Besides, the arguments from Larry, Bill-O and others just seem like whining now that a significant portion of the population has grown enough spine to say “Extraordinary claims demand extraordinary proof.”

    The religious and anti-theists alike need to substantiate their positions first, then I might give a damn about what either has to say.

  20. Peter Hahn says:

    The idea that there truly is a “war on Christmas” is absurd. The day after Thanksgiving Christmas decorations go up in every commercial district in the US.

  21. Walker says:

    “I don’t like having nothingness forced on me.”

    Larry, would you please explain how nothingness can be forced upon one?

    And let us all (or at least those who profess faith in the Bible) not forget Christ instructing his followers to pray only in private.

  22. The Original Larry says:

    I agree that forcing children to sing Christmas carols is wrong. However, it is not whining to insist on what the Supreme Court has said is acceptable, as noted in an earlier post. Good thing you don’t get to decide what is “simply wrong”.

  23. It's Still All Bush's Fault says:

    Only 21 more shopping days ’til the winter solstice!

  24. knuckleheadedliberal says:

    I’m an atheist and when you celebrate Christmas I’m on the inside with you. I’ll be drinking egg nog and singing carols and kissing anyone who gets caught for an instant under the mistletoe. Ha-ha-ha-ha! You can’t stop me!
    I’ll be there wishing everyone a Merry Christmas, or Happy Holidays to Bill O’Reilly, Larry and the whole Crabtree family. I’m sending out Christmas cards and donating to charities – even the religious ones. I’m buying presents for everyone and wrapping them carefully to put under the tree. I might even show up for Midnight Mass.

    I am with the War on Christmas underground. We’re here to take over your Christmas!

  25. Hmm? One of the best Christmas music albums out there was recorded by Barbara Streisand. Of course no one forced her to do it but I’ve often wondered how she felt about it.

  26. Mervel says:

    It is interesting though about what is “allowed” in public or not. Is celebrating the Birth of Christ part of our cultural identity or is it purely religious? In general as a Christian I would say both.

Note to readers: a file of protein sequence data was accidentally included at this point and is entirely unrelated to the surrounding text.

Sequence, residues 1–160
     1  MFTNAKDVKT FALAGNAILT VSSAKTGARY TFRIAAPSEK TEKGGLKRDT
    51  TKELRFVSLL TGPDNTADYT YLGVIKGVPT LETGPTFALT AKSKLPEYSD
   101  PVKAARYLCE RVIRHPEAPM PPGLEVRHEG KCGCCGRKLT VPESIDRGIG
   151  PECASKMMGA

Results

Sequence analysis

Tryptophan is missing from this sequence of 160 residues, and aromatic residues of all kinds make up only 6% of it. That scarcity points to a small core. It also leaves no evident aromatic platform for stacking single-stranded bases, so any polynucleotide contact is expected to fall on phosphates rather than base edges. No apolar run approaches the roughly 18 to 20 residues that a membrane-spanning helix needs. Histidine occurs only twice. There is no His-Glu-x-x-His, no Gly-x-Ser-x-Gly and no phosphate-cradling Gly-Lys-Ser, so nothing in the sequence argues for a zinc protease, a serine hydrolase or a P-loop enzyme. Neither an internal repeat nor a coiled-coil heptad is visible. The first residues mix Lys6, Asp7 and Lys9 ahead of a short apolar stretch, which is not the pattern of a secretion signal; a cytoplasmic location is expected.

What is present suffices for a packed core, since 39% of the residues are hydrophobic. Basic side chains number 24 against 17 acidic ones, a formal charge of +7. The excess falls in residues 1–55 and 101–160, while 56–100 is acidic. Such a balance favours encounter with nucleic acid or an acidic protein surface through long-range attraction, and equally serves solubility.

But the question is, does the use of public space equal government endorsement?

  27. Peter Hahn says:

    Mervel – its pretty rare that anyone cares one way or the other.

  28. tootightmike says:

    Larry- Far from having no beliefs, I do indeed have my own well developed set of beliefs, and I hold them so strongly that I’m sure they should be forced onto every American…especially types like you. My beliefs are better than yours and their logic superior to anything they spout in your little pin-headed church.
    How’s that feel?
    What a way to start a discussion…..

  29. The religious nature of Christmas has been completely eradicated not by evil liberals but by the mindless capitalism Fox News (sic) loves to fetishize.

  30. The “war on Christmas” is really just a variation on the broader martyr fantasy that Christians and Christianity in general are somehow under threat in America. Viewed objectively, it’s absurd. Christians are under threat in Iraq. Muslims are under threat in Nigeria. No religious group is under threat in the United States.

    It kind of reminds me of how whites in South Africa whined about similar “persecution” following the demise of apartheid and the installation of majority rule. In reality, Christianity in this country (just as whiteness in South Africa) are not persecuted. But they have lost to some degree their exalted place of special privilege. Not completely, of course. It’s still inconceivable that an atheist or religious non-Christian could be elected president.

    But Christianity’s unchallenged domination is increasingly being challenged by a more diverse America that is beginning to understand the dangers of theocracy. And when you used to be the elite, deluded into thinking you were special, and now you are treated the same as everyone else, it can feel like persecution.

  31. The Original Larry says:

    I said: “What do you expect from people who believe in nothing?” If that’s not you, what are you worried about?

  32. mervel says:

    I know Peter it’s more about arguing; tribalism etc.

    But there is some interesting questions underneath the whole issue. For example if I go in a public space and on my own and pray openly or walk through a park for example holding a cross in a procession. Well is that government endorsement or is it me freely showing who I am and exercising my right to free expression?

  33. mervel says:

    For me I think the idea that certain “space” in this country must be totally sanitized of all religious expression, is an incorrect view of what the Bill of Rights protects and is about. Which is different than saying that the government is establishing some sort of official state religion.

  34. mervel says: